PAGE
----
BEIJING (Reuters) - China has agreed to speed up the delivery of 50 fighter jets to Pakistan, a Pakistani government minister confirmed on Friday, as Islamabad tries to deepen ties with Beijing as an alternative to increasingly fragile relations with the United States.
Pakistan’s Prime Minister Yusuf Raza Gilani has been holding talks with Chinese leaders during a visit that comes as ties with the U.S. have faltered after the killing of Osama bin Laden in Pakistan this month.
Pakistan’s Defense Minister Ahmad Mukhtar told media that his country was aiming to receive “50 aircraft in six months” from China at between $20 million and $25 million per aircraft.
As the pressure mounts in Washington, Gilani has courted “best friend” China, its biggest arms supplier, during the four-day visit that ended on Friday.
Pakistan’s already strained ties with the U.S., a major donor, were battered after U.S. forces on May 2 killed al Qaeda leader Osama bin Laden in a garrison town near Islamabad.
The fact that bin Laden was found in Abbottabad, and had been living there for years, has prompted many in Washington to call for a review of the billions of U.S. civilian and military aid that Pakistan receives.
The Wall Street Journal originally quoted an unnamed high-ranking Pakistani Air Force spokesman, in Beijing with Gilani, as saying the jointly developed JF-17 jets would be in addition to another batch of the same aircraft that is currently being assembled in Pakistan.
The JF-17 “Thunder” program dates back to 1999 and is aimed at reducing Pakistan’s dependence on Western companies for advanced fighters.
The jets are a single-engine, multi-role combat aircraft, that Mukhtar said are being jointly produced between China and Pakistan.
“There was a loan given for starting the manufacturing of this because the Chinese will also buy these aircraft,” he said on Chinese financing for the order.
The Pakistani Air Force has ordered 150 “Thunders,” which it may increase to 250. The 50 mentioned in the report are likely part of the larger order.
In February 2010, Pakistan fielded its first JF-17 squadron with 14 aircraft.
The close ties between China and Pakistan reflect long-standing shared wariness of their common neighbor, India, and a desire to hedge against U.S. influence across the region.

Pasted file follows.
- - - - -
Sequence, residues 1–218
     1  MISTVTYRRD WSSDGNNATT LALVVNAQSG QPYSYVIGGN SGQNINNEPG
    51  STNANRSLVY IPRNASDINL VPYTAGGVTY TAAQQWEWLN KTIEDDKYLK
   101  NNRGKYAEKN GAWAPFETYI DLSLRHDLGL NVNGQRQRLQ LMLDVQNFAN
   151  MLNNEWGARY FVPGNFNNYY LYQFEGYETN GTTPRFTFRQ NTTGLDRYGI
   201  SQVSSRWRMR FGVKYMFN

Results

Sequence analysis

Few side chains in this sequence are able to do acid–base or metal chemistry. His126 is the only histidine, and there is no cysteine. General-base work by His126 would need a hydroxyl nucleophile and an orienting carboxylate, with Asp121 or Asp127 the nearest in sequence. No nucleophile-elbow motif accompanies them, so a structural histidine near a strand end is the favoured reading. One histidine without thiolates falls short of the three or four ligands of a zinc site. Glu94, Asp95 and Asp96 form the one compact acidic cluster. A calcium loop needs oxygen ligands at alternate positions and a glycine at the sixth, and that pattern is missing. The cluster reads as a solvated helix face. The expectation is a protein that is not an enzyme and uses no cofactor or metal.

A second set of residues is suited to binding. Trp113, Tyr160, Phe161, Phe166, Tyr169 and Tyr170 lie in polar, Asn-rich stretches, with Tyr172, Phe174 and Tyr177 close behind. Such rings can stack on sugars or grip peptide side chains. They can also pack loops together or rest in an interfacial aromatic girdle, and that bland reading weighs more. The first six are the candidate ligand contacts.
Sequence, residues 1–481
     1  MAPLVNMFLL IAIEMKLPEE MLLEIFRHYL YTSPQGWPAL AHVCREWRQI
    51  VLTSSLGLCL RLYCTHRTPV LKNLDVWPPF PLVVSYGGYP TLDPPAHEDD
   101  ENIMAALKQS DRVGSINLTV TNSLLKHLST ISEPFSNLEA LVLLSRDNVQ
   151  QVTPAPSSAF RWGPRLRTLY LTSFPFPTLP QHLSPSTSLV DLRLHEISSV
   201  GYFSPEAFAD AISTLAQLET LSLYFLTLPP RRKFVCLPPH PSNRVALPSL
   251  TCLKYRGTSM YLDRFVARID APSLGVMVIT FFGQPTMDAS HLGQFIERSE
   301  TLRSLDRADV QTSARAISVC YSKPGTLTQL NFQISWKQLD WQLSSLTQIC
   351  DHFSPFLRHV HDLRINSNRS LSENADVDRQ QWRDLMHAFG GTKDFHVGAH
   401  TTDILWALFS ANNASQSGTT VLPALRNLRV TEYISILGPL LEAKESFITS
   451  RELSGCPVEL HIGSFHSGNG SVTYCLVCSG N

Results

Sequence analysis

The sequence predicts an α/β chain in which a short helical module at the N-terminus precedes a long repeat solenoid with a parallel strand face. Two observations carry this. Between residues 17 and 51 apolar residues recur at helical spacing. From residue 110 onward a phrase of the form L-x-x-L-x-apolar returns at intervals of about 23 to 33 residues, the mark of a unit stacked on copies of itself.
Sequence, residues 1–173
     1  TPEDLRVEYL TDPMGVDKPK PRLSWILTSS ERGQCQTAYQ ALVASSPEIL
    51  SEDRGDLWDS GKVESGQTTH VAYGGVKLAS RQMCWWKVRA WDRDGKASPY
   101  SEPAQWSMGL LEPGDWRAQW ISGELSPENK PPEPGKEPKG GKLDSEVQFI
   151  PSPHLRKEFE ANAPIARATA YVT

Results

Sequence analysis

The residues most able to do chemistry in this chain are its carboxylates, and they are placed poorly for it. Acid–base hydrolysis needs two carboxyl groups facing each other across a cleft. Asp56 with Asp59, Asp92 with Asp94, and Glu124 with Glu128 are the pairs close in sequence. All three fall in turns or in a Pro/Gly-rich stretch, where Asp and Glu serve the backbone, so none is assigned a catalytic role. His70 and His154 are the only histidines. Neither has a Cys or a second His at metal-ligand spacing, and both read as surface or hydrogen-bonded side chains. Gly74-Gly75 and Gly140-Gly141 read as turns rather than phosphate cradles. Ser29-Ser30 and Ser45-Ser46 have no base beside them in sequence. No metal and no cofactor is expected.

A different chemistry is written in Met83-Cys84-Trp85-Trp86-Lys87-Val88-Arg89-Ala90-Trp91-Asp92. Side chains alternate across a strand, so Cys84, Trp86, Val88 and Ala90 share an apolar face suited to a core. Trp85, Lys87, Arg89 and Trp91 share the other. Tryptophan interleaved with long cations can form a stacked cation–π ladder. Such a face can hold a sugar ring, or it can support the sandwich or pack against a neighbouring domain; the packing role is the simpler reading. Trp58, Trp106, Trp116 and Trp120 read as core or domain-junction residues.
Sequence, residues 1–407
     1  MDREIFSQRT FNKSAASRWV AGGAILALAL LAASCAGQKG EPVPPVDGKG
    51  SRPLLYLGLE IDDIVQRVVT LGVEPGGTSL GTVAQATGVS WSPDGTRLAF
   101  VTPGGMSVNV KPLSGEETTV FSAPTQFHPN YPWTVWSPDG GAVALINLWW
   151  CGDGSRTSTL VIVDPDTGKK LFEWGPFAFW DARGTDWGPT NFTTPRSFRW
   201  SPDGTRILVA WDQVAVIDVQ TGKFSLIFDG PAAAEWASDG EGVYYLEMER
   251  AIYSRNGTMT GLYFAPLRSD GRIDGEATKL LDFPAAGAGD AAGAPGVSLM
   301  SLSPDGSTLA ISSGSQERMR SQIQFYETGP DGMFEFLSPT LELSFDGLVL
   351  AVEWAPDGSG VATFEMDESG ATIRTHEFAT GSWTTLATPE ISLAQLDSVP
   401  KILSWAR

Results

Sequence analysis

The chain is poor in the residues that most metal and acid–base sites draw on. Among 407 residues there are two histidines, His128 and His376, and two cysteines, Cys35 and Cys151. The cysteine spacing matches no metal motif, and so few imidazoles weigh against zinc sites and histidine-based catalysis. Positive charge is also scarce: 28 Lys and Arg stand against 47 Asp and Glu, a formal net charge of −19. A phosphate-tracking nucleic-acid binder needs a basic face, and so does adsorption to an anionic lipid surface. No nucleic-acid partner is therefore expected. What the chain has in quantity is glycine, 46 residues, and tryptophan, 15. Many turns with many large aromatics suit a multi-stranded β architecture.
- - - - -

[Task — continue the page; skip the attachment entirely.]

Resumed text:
Stronger Defense links between China and Pakistan worry India, which sees China’s backing for Pakistan as an attempt by Beijing to block India’s rise by backing hostile neighbors and pinning India down in conflicts in South Asia.
“It is a matter of serious concern for us,” Indian Defense minister A.K. Antony was quoted as saying by the Press Trust of India. “The main thing is, we have to increase our capability, that is the only answer.”
Premier Wen Jiabao assured Gilani on Wednesday of China’s “all-weather friendship” and said Pakistan had made “huge sacrifices” in the international struggle against terrorism.
“China reaffirms that Pakistan’s independence, sovereignty and territorial integrity should be completely respected, and Pakistan’s efforts to advance south Asia’s peace and stability should be acknowledged and supported,” a joint statement issued on Friday after Gilani’s meeting with President Hu Jintao said.
The statement, a reiteration of pledges made early in Gilani’s visit, also said China and Pakistan were united in opposing terrorism and separatism.
Those comments contrasted sharply with some criticism in the U.S. of Pakistan’s failure to know bin Laden’s whereabouts.
For its part, Pakistan is furious at the U.S. for violating its sovereignty by staging the secret raid that killed the world’s most wanted man.
Additional reporting by Miral Fahmy in Singapore and C.J. Kuncheria in New Delhi; Editing by Daniel Magnowski